Local Briefing

  Enlarge Photo    
Tuesday, August 5, 2008


Massey Gives Its Employees Gas Money

Massey Energy, a Richmond-based coal mine operator, is giving employees $80 a month for gasoline. During a conference call with analysts, chief executive Don Blankenship, left, said Massey was also setting work schedules a year in advance and had awarded two raises in 2008 to ward off labor shortages at mines in West Virginia, Virginia and Kentucky.

Earlier, Massey began offering guaranteed three-year contracts to individual miners. Blankenship said the turnover rate at underground mines was down 10 percent compared with a year earlier.


Demand for Freddie Notes Grows

Freddie Mac, the second-largest U.S. mortgage-finance company, sold $2 billion of short-term notes in a weekly auction, paying higher yields over benchmarks while generating better demand from investors than last week.

Freddie Mac sold $1 billion of three-month notes at a yield of 2.4 percent, the McLean company said. That's 74 basis points more than similar-maturity U.S. Treasurys and 38 basis points less the three-month London interbank offered rate, according to Stone & McCarthy Research Associates. The spreads from last week's sale were 72 basis points more than Treasurys and 38 basis points less than Libor.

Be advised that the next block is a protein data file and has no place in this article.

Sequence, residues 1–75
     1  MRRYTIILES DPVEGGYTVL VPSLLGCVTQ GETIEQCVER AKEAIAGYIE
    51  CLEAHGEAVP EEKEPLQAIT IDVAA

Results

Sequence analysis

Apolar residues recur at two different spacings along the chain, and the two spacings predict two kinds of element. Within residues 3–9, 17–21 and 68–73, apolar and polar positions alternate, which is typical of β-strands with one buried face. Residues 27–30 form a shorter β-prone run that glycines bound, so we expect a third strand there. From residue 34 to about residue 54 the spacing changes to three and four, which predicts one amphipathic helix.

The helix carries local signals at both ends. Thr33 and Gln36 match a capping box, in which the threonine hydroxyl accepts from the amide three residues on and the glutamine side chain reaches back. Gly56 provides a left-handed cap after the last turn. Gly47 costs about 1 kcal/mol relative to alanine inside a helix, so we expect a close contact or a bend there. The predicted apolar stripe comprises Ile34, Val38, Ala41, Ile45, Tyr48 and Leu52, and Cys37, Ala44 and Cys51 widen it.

Wrigley Sets Meeting to Approve Mars Deal

Chewing-gum maker Wm. Wrigley Jr. set a shareholder meeting to approve its sale to candymaker Mars. The meeting will take place Sept. 25 in Chicago.

The proposed deal with McLean-based Mars requires approval by two-thirds of Wrigley's outstanding shares of stock.


Sucampo's CFO Resigns

Sucampo Pharmaceuticals said Chief Financial Officer Mariam E. Morris resigned, effective Aug. 1. Chief Accounting Officer Jan Smilek will serve as acting finance chief.

Morris will serve as a part-time consultant to the Bethesda company during the transition. The company did not provide a reason for the resignation.

CACI's Chief Returns After Bypass Surgery

Government contractor CACI International said its president and chief executive, Paul Cofoni, resumed full-time leadership and management of the Arlington company. Cofoni had heart-bypass surgery in June.

Compiled from reports by Washington Post staff writers, the Associated Press and Bloomberg News.

© 2008 The Washington Post Company